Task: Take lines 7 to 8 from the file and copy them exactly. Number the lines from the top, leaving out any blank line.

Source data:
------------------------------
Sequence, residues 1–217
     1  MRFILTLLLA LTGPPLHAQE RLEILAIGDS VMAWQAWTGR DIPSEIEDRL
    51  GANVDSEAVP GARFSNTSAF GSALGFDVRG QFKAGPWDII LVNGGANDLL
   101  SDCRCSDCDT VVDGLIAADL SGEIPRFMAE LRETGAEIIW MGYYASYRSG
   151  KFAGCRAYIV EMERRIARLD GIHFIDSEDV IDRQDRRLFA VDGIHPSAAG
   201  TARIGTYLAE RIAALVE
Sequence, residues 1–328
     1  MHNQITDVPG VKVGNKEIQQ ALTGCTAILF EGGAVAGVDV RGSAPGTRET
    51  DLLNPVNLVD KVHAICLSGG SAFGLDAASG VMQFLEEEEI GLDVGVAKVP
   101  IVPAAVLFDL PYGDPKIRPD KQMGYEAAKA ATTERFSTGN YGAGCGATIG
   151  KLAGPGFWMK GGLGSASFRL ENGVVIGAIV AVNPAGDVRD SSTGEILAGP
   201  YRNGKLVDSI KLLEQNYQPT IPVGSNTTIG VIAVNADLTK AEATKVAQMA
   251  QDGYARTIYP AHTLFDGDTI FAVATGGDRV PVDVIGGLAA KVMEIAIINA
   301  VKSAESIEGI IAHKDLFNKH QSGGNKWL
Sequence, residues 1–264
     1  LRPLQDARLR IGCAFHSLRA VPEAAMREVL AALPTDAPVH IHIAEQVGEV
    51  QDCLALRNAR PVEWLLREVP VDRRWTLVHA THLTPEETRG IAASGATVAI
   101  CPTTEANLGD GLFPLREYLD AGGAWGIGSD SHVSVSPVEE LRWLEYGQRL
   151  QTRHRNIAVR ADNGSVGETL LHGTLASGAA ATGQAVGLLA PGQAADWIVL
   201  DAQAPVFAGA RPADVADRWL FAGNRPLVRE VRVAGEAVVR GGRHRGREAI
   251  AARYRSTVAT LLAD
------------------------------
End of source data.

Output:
Sequence, residues 1–328
     1  MHNQITDVPG VKVGNKEIQQ ALTGCTAILF EGGAVAGVDV RGSAPGTRET